Still referring to FIG. 4B, the embodiment may further include disconnecting the first and third USB connections over the network, initiating a fourth USB connection over the network between the first USB device 43 a and the second USB host 41 b, and initiating a fifth USB connection over the network between the third USB device 43 b and the first USB host 41 a. The fourth and fifth USB connections over the network may operate essentially simultaneously and without any common network node. Optionally, the network may guarantee maximum network latency variation below a first predefined value, and may guarantee maximum round trip latency over the network below a second predefined value. Optionally, the embodiment may further include connecting the USB devices with the respective USBDs without connecting the USB devices with any of the USB hosts. Optionally, the network is an HDBaseT network. Optionally, the network is a packet switching network. Optionally, the embodiment may further include maintaining fixed network paths for the USB connections over the network. In addition to the fixed network paths, the network may guarantee maximum network latency variation below 50 microseconds, and/or may guarantee maximum round-trip latency below 200 microseconds. Optionally, the network may guarantee the throughput of the USB connections over the network. In addition to the throughput, the network may guarantee maximum network latency variation below 50 microseconds, and maximum round-trip latency below 200 microseconds.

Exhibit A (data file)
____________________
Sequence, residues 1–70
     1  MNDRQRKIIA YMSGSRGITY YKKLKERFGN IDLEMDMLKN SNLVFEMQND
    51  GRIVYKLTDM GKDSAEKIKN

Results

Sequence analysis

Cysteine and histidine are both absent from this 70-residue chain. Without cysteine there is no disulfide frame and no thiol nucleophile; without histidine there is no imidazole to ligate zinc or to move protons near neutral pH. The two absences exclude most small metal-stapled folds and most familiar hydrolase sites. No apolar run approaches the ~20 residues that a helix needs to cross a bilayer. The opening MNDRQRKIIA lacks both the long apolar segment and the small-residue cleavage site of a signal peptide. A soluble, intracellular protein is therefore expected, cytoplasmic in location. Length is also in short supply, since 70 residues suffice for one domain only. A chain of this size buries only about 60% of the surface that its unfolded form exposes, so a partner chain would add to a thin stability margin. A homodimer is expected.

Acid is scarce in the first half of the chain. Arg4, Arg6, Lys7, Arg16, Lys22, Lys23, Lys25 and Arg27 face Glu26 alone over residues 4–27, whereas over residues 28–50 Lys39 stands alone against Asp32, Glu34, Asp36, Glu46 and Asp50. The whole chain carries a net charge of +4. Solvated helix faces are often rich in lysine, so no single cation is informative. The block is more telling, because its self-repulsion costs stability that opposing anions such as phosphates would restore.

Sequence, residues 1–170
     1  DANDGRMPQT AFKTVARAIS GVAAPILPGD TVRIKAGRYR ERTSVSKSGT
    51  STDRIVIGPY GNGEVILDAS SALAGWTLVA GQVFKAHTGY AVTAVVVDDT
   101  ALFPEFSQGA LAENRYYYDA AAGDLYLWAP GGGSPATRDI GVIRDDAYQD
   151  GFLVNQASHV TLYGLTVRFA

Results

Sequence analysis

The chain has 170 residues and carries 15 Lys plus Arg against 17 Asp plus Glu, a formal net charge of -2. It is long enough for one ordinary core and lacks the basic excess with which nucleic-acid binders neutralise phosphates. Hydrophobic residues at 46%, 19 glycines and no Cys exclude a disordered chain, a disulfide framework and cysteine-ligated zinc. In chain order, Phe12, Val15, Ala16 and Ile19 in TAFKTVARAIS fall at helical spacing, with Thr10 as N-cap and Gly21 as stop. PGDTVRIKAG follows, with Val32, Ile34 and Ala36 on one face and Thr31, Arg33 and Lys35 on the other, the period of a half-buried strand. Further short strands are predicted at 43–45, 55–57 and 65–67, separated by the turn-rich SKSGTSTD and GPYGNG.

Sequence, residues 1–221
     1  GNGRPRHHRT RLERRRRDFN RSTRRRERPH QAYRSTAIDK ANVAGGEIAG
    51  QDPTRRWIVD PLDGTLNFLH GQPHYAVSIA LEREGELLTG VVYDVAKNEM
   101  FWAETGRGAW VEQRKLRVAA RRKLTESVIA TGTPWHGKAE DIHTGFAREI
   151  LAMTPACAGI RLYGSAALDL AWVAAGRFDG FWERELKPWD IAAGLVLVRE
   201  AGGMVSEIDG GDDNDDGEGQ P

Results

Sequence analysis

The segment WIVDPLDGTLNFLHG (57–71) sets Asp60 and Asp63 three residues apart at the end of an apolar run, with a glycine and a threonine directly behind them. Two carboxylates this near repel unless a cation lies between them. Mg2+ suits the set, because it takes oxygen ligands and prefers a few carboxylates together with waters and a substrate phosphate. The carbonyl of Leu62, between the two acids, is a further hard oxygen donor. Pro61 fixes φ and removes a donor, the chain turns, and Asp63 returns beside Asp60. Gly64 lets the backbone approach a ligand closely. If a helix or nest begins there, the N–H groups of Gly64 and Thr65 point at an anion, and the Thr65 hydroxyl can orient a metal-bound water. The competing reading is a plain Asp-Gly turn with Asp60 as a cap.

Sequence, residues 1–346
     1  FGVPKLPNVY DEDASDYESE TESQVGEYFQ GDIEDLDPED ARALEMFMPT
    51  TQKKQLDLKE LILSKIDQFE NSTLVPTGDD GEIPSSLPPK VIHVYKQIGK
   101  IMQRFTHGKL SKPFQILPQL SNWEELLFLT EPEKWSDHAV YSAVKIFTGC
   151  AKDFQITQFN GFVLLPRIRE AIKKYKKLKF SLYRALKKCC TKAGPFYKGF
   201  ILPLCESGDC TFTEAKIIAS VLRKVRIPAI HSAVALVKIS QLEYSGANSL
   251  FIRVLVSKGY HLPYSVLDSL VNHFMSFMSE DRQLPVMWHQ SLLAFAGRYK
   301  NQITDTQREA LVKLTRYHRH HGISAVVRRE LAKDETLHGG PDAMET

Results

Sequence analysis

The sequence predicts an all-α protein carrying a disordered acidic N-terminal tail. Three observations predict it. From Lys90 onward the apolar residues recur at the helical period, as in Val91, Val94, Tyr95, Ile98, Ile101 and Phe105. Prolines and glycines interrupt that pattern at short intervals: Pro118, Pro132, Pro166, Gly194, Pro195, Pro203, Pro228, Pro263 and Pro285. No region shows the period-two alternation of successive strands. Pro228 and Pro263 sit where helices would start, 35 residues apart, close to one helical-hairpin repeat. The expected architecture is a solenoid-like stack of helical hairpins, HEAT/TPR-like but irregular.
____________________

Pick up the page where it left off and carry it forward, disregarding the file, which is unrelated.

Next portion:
FIG. 4C and FIG. 5C illustrate two related embodiments for connecting USB devices with USB hosts over a network supporting distributed initiations of USB connections over the network. One of the embodiments includes the following steps: In step 5 c 1, connecting first and second non-collocated USB hosts 41 a, 41 b with respective first and second non-collocated USBHs 42 e, 42 f. The USB hosts communicate with their respective USBHs essentially according to USB specification timings. In step 5 c 2, connecting first, second, and third non-collocated USB devices 43 a, 43 a′, and 43 b with respective first, second, and third non-collocated USBDs 44 e, 44 e′, and 44 f, essentially according to USB specification timings. In step 5 c 3, enabling the USBDs and the USBHs to communicate over the network 45 c. The network may include network control plane and network data plane, wherein the network control plane enables the USBDs and the USBHs to discover presence and capabilities of one another. In step 5 c 4, at least three connections are initiated. For example, initiating, by the first USBD 44 e or the first USBH 42 e, via the network control plane, a first USB-over-network-data-plane connection between the first USB device 43 a and the first USB host 41 a, via the first USBH 42 e and the first USBD 44 e; Initiating, by the second USBD 44 e′ or the first USBH 42 e, via the network control plane, a second USB-over-network-data-plane connection between the second USB device 43 a′ and the first USB host 41 a, via the first USBH 42 e and the second USBD 44 e′; And initiating, by the third USBD 44 f or the second USBH 42 f, via the network control plane, a third USB-over-network-data-plane connection between the third USB device 43 b and the second USB host 41 b, via the second USBH 42 f and the third USBD 44 f. And In step 5 c 5, operating the first and third USB-over-network-data-plane connections essentially simultaneously and without any common network node.